March 17 (Bloomberg) -- Toyota Motor Corp., the world’s largest automaker, said it’s suspending production in India after an impasse with union workers over wages led to output disruptions and threats to plant managers.
Toyota has called a lockout at its factories near Bengaluru, formerly known as Bangalore, after a breakdown in negotiations that began last year, the Toyota City, Japan-based carmaker said in an e-mailed statement.
“The company is left with no other option but to declare a lockout to ensure the safety of its workers and management personnel,” Toyota said in the statement. The automaker said it will continue talks with its union and expects daily production to be cut by about 700 vehicles during the suspension.
The lockout in India plants adds to unrest in emerging markets that President Akio Toyoda has called “unpredictable.” The head of the carmaker’s operations in Thailand, its second-biggest production base in Asia after Japan, said in January that protests against Prime Minister Yingluck Shinawatra may affect future investment plans.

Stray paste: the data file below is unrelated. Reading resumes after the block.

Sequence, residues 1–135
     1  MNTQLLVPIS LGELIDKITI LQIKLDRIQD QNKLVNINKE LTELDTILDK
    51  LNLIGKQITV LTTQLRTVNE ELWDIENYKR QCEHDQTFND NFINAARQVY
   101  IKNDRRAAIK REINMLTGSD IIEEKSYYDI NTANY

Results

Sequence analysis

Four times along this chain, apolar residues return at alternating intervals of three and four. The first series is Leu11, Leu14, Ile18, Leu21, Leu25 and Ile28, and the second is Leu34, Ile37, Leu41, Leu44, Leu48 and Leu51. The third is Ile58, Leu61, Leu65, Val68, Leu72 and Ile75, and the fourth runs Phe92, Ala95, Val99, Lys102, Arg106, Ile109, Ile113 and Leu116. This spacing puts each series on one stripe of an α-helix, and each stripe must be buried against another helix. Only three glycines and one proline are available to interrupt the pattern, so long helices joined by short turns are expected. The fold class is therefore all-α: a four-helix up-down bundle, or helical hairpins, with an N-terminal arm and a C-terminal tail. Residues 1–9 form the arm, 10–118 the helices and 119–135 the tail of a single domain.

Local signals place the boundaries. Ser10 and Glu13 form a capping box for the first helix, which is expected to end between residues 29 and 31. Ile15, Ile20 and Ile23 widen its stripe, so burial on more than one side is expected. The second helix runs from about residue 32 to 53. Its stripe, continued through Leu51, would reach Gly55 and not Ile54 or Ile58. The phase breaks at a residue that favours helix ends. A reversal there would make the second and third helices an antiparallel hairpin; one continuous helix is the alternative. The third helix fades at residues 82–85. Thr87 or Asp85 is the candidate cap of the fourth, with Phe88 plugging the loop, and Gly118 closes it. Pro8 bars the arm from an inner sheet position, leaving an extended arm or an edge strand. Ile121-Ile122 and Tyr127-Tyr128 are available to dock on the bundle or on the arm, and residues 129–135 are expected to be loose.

Toyota fell 0.4 percent to 5,531 yen at 11:30 a.m. in Tokyo trading, compared with the 0.8 percent decline by the benchmark Topix Index. The stock has lost 14 percent this year.
Auto sales in India are headed for the first annual drop since the fiscal year ended March 2002, as slowing economic growth, rising interest rates and unstable fuel prices hurt demand. Toyota’s deliveries there declined 19 percent to 22,194 vehicles in the first two months of this year, according to statements on the company’s website.
Toyota has built vehicles in Asia’s third-largest economy since 1999. The company’s India facilities build the Camry, Corolla Altis and Etios cars, the Innova van and the Fortuner sport utility vehicle.
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